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Paleoamerican Origins: Beyond Clovis presents 23 up-to-date syntheses of important topics surrounding the debate over the initial prehistoric colonization of the Americas. These papers are written by some of the foremost authorities who are on the trail of the first Americans. The papers are written by some of the foremost authorities who are on the trail of the first Americans. The papers in this volume include a discussion of the archaeological evidence for Clovis and Pre-Clovis sites in North America (11 papers) and South America (2 papers). In addition, papers on the genetic evidence (2 papers) and skeletal evidence (4 papers) provide insights into the origins of the first Americans. Additional papers include ideas on the changing perceptions of Paleoamerican prehistory, public policy and science, and a comprehensive concluding synthesis.

Paleoamerican Odyssey

Author: Kelly E. Graf
Publisher: Texas A&M University Press
ISBN: 1623492335
Format: PDF, Kindle
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As research continues on the earliest migration of modern humans into North and South America, the current state of knowledge about these first Americans is continually evolving. Especially with recent advances in human genomic studies, both of living populations and ancient skeletal remains, new light is being shed in the ongoing quest toward understanding the full complexity and timing of prehistoric migration patterns. Paleoamerican Odyssey collects thirty-one studies presented at the 2013 conference by the same name, hosted in Santa Fe, New Mexico, by the Center for the Study of the First Americans at Texas A&M University. Providing an up-to-date view of the current state of knowledge in paleoamerican studies, the research gathered in this volume, presented by leaders in the field, focuses especially on late Pleistocene Northeast Asia, Beringia, and North and South America, as well as dispersal routes, molecular genetics, and Clovis and pre-Clovis archaeology.

The Hogeye Clovis Cache

Author: Michael R. Waters
Publisher: Texas A&M University Press
ISBN: 1623492327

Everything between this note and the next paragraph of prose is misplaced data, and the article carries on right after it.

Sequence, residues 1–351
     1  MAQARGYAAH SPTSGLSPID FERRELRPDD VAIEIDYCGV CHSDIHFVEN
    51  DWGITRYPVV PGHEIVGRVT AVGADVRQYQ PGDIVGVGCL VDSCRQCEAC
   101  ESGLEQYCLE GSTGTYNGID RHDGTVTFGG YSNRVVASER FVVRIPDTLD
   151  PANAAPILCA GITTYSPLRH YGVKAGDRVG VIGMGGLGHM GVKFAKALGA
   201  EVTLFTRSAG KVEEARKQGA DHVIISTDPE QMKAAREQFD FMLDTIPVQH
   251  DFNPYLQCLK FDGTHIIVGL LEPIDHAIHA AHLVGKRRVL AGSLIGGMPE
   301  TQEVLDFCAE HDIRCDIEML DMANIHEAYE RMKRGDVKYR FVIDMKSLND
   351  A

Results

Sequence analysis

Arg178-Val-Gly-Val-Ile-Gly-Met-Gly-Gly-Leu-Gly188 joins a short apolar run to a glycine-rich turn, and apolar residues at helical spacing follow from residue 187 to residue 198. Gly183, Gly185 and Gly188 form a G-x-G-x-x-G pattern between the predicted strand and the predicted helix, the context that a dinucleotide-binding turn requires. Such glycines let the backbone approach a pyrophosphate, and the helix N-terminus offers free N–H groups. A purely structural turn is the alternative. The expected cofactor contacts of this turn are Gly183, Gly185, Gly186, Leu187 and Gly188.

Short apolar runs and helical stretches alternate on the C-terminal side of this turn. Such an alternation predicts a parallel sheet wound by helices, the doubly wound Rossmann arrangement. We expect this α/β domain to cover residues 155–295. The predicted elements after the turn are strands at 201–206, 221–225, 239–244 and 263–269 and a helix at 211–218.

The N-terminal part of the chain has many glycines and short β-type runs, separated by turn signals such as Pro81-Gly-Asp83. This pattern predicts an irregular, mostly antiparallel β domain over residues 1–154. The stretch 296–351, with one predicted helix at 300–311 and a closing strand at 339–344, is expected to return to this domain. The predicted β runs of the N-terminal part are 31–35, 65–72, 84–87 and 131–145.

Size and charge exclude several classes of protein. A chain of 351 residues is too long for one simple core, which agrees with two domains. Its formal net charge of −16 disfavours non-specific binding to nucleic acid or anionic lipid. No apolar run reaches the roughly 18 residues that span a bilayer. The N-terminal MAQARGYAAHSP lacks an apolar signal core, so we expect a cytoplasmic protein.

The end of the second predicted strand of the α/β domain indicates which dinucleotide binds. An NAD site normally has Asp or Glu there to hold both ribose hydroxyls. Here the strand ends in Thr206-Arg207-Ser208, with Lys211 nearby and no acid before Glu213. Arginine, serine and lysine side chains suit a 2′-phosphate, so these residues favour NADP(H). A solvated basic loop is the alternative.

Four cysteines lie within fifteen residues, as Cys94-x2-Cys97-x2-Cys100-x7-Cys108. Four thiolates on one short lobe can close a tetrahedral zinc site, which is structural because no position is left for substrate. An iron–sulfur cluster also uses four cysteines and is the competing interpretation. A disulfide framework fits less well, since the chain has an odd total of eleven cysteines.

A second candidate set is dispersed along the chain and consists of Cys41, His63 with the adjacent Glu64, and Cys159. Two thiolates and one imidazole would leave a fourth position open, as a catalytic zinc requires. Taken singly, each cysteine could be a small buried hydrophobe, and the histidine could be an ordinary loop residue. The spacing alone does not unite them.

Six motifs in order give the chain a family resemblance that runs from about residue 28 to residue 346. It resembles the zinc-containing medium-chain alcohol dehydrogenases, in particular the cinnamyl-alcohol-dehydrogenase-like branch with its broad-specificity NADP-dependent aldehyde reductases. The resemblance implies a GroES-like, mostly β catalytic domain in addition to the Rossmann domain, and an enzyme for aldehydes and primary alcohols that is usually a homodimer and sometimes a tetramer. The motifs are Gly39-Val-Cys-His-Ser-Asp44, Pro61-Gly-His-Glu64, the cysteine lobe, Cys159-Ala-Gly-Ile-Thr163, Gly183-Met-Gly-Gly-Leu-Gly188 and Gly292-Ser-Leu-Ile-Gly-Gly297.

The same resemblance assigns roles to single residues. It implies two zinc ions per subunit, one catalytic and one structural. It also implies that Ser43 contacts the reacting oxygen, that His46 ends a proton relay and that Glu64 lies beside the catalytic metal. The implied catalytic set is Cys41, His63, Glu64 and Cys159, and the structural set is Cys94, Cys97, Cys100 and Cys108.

Format: PDF, ePub, Mobi
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Roughly thirteen thousand years ago, Clovis hunters cached more than fifty projectile points, preforms, and knives at the toe of a gentle slope near present-day Elgin, Bastrop County, in central Texas. Over the next millennia, deposition buried the cache several meters below the surface. The entombed artifacts lay undisturbed until 2003. A circuitous path brought thirteen of the original thirty-seven Clovis bifaces and points through many hands before reaching the attention of Michael Waters at Texas A&M University. At the site of the original cache, Waters and coauthor Thomas A. Jennings conducted excavations, studied the geology, and dated the geological layers to reconstruct how the cache was buried. This book provides a well-illustrated, thoroughly analyzed description and discussion of the Hogeye Clovis cache, the projectile points and other artifacts from later occupations, and the geological context of the site, which has yielded evidence of multiple Paleoindian, Archaic, and Late Prehistoric occupations. The cache of tools and weapons at Hogeye, when combined with other sites, allows us to envision a snapshot of life at the end of the last Ice Age.

Clovis Lithic Technology

Author: Michael R. Waters
Publisher: Texas A&M University Press
ISBN: 9781603444675
Format: PDF
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Some 13,000 years ago, humans were drawn repeatedly to a small valley in what is now Central Texas, near the banks of Buttermilk Creek. These early hunter-gatherers camped, collected stone, and shaped it into a variety of tools they needed to hunt game, process food, and subsist in the Texas wilderness. Their toolkit included bifaces, blades, and deadly spear points. Where they worked, they left thousands of pieces of debris, which have allowed archaeologists to reconstruct their methods of tool production. Along with the faunal material that was also discarded in their prehistoric campsite, these stone, or lithic, artifacts afford a glimpse of human life at the end of the last ice age during an era referred to as Clovis. The area where these people roamed and camped, called the Gault site, is one of the most important Clovis sites in North America. A decade ago a team from Texas A&M University excavated a single area of the site—formally named Excavation Area 8, but informally dubbed the Lindsey Pit—which features the densest concentration of Clovis artifacts and the clearest stratigraphy at the Gault site. Some 67,000 lithic artifacts were recovered during fieldwork, along with 5,700 pieces of faunal material. In a thorough synthesis of the evidence from this prehistoric “workshop,” Michael R. Waters and his coauthors provide the technical data needed to interpret and compare this site with other sites from the same period, illuminating the story of Clovis people in the Buttermilk Creek Valley.